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  • The Message of the Papillons
  • Georges Didi-Huberman (bio)
    Translated by Jordan Lev Greenwald (bio)

To rise up. First off, to raise up one’s fear and cast it off, to throw it far away. Or even to throw it directly in the face of those who hold the power of organizing our fears. This is also to lift up one’s desire. To take it—and with it one’s expansive joy—in order to throw it in the air, in such a way that it disperses through the space that we breathe, the space of others, the space of the public and the political as a whole. There are two images of this—two corollary images—in the praiseworthy and long-censored film by Mikhail Kalatozov, Soy Cuba. These images refer to the popular, and chiefly student, uprising that terminated in 1956 in the streets of Santiago de Cuba and of Havana. The first image (fig. 1) is that of a fireship [un brûlot]: one sees some young students throw Molotov cocktails onto the drive-in movie screen on which the official images of the dictator Fulgencio Batista are projected. In the past, a “fireship” designated a ship equipped with flammable materials or explosives, designed to collide into an enemy ship and set it ablaze. It now refers to subversive political writings, or even to tracts calling for outright revolt.

The other image (fig. 2) is exactly that of such tracts dispersed by the same student revolutionaries. The papillons (butterflies)—as they are often called, because of their size as well as their distinction from “placards,” for example—lift toward the clouds, without one yet [End Page 137]


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Fig. 1.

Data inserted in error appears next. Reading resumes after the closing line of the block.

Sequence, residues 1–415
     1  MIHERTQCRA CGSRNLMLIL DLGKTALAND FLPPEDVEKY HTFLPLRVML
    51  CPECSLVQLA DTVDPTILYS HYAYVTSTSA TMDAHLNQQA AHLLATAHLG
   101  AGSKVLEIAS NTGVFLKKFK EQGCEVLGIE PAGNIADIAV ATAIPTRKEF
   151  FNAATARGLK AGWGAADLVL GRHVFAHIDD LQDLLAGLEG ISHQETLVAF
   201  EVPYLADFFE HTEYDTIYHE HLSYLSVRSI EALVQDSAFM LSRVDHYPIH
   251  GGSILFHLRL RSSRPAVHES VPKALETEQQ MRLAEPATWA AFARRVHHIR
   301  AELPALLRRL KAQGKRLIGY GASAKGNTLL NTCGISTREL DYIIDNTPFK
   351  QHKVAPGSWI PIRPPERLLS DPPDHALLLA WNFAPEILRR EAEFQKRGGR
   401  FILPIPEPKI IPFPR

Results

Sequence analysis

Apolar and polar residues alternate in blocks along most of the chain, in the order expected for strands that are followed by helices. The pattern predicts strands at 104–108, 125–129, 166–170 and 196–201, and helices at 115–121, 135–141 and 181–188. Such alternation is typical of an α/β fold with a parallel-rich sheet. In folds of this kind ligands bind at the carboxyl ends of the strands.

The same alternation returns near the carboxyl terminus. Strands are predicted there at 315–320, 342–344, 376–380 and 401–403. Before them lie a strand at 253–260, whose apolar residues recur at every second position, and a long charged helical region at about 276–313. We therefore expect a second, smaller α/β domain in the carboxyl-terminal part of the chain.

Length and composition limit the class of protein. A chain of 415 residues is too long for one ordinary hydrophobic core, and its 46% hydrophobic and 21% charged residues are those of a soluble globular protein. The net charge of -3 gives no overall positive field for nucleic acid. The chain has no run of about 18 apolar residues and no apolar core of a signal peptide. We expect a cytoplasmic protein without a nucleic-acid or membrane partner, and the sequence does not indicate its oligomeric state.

Movie screen set ablaze, Soy Cuba (1964), dir. Mikhail Kalatozov.


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Fig. 2.

Papillons in flight, Soy Cuba (1964), dir. Mikhail Kalatozov.

[End Page 138]

knowing if their message will get lost in the void of the skies, or indeed if their power of effusive expansion thereby reveals their irrepressible nature. The paper butterflies rise up: one does not know who will receive, here or elsewhere, carried by the wind, their message of uprising. Like a moment of extreme lyricism embedded in the implacable logic of a scene of extreme violence (a scene of police repression on the main stairway of the University of Havana, which compellingly evokes the great massacre of the Battleship Potemkin on the Richelieu steps in Odessa). A moment at once lyrical and fragile: what good are they, these poor papillons calling, as a last resort, for the clouds to revolt, as the young revolutionaries themselves are assassinated just below by the police?

A necessary moment, however: a moment of the in spite of all. The leaflets that one sees here rising up toward the sky—the opposite, for instance of the barrages of propaganda dumped onto Cuba by US Air Force aircraft—would be for the space of politics what fireflies are for a summer night, or what butterflies are for a day full of sunshine. That is to say the trace of a desire that flies, that goes where it will, that insists, that persists, that resists in spite of everything. There is a double meaning of the word tract. It means, on the one hand, a “short treatise”: a literary genre that since the fifteenth century has generated countless pamphlets and booklets discussing matters of politics, morality, or religion. It means, on the other hand (and this is its more recent designation), a simple and small piece of political propaganda spread about from hand to hand. Both cases retain the etymological sense of the Latin substantive tractatus, which signifies the act of treating a subject, of undertaking a deliberation, a discussion, or a sermon; but also—and this above all—the act of touching upon something (or someone) to capture it, to pull it out of its habitual place.

Spinoza produced tracts in both senses of the word: the considerable Tractatus theologico-politicus as well as the modest placard Ultimi barbarorum that he drafted and that he himself wanted to post on the walls of Le Haye...

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Additional Information

ISSN
1938-8020
Print ISSN
1041-8385
Pages
pp. 137-149
Launched on MUSE
2016-06-02
Open Access
No
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